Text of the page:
Wednesday, August 11, 2010
Last week we reached véraison in our vineyards, which can be one of the most beautiful times of year to look at the clusters on the vines. Véraison is the time of year when the tiny green berries begin to turn color and start to fill up with juice. It is from this point that they officially start to ripen. For the vineyard crew, this is an important time to make sure the grapevines are properly pruned so the fruit is well exposed to sunlight and air. Our vineyard manager Chris Pedemonte says one of the important things to look for when you are walking through the vineyard rows is "speckling". This is when the sunlight breaks through the leaves and hits the ground. It can be a great indication of how the vines are growing and if the grapes are getting too much, or not enough sun exposure. If you see patches that are too shaded on the ground, you know the fruit needs more light. This is also important for things like air movement which can prevent things like mildew, mold, and certain pests.
While we are happy to see that we have reached veraison in most of our vineyard blocks, it has been a challenging year so far for the grapes as a whole. We have had a fairly cool summer out here in Napa, and temperature highs of 75-80 degrees have left the grapes a couple weeks behind in their ripening stages. What this means for us right now is a later harvest than normal, most likely not starting until after Labor Day. We are hoping (begging) for a late Summer heat wave to kick in any time now, and bring us up to speed. So while the rest of the country is experiencing record high temperatures, that is definitely not the case here!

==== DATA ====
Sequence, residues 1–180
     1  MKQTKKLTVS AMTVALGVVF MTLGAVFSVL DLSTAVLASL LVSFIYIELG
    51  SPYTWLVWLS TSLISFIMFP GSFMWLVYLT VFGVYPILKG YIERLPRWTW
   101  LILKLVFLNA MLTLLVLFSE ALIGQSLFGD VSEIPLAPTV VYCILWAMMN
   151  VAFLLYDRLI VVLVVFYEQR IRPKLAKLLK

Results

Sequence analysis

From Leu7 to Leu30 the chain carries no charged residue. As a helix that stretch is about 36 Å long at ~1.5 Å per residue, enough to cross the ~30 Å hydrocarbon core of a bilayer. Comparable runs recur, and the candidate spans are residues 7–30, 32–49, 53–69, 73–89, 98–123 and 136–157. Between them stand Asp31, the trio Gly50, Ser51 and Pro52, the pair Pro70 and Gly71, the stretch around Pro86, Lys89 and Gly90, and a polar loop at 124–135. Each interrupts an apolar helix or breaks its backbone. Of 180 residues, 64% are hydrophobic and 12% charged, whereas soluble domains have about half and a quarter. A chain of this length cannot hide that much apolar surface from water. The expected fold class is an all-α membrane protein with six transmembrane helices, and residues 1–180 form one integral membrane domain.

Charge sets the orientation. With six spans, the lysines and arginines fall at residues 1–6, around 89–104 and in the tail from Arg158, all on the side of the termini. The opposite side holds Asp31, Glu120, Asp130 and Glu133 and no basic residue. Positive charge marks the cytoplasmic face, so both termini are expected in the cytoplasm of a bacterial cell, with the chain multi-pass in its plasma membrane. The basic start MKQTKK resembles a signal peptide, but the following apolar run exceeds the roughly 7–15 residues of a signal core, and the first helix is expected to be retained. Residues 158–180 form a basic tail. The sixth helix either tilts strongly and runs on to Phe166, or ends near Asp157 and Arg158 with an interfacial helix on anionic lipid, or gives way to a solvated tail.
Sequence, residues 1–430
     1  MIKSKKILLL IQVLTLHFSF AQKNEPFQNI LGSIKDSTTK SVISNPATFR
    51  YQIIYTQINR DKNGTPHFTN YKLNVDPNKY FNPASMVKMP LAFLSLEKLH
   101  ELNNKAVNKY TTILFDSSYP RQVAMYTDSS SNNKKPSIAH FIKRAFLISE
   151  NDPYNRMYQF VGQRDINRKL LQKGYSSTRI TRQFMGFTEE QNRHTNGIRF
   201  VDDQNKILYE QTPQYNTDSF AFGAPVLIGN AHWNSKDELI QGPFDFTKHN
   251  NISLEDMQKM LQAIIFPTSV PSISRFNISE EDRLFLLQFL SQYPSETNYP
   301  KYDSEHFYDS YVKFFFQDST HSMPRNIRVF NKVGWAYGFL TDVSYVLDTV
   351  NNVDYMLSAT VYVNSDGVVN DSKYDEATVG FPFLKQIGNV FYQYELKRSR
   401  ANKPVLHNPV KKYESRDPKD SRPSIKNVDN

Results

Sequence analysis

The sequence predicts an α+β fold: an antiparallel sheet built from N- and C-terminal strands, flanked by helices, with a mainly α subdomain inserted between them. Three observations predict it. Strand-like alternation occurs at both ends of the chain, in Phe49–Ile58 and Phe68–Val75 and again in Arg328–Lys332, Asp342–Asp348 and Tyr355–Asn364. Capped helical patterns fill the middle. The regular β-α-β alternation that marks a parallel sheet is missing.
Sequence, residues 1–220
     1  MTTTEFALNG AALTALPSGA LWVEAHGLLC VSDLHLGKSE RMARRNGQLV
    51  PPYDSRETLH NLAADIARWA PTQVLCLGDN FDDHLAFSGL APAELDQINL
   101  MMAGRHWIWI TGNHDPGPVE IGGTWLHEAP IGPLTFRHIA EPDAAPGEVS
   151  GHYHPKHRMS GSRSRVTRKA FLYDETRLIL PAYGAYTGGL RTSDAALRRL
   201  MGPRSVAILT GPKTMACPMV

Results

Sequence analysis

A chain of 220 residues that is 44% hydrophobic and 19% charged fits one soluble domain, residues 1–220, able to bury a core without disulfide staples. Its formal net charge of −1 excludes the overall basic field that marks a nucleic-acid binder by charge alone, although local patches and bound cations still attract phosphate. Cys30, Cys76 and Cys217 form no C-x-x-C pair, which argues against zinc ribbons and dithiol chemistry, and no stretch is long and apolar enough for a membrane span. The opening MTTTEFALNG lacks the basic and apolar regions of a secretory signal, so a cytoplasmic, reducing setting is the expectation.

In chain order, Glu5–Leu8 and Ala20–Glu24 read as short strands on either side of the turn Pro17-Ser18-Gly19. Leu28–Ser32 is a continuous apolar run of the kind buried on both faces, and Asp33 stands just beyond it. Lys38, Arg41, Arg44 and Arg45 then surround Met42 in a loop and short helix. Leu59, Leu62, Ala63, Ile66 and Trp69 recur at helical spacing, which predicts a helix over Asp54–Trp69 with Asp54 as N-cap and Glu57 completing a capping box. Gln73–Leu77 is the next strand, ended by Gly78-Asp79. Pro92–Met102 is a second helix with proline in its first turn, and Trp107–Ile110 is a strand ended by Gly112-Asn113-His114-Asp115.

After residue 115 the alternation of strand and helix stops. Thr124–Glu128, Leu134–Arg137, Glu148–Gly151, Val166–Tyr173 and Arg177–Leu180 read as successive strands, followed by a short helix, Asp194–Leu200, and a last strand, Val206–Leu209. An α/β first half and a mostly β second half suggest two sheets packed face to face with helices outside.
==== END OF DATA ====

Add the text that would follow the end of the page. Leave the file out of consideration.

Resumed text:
As for a quick update on what's going on in the winery, the cellar crew is hard at work getting the barrel chai ready for the 2010 vintage.
They need to make space for the new wine that will come in, so this year you will see our barrels stacked 4 high instead of 2 high. It's quite a balancing act to see in action, and the crew has to be very careful that everything is level and in line, otherwise it could all topple over with one foul move! In the process of moving all these barrels, the 2009 vintage wine is being racked. This is the process of moving the wine from barrel to tank, cleaning out the barrels and removing any dead yeast sediment that has formed, then refilling the barrels with the wine for further aging. It can be a lengthy job, but it's sure easier moving empty barrels around rather than full ones!
Stay tuned as we get closer to harvest... one of the most exciting times of the year in wine country!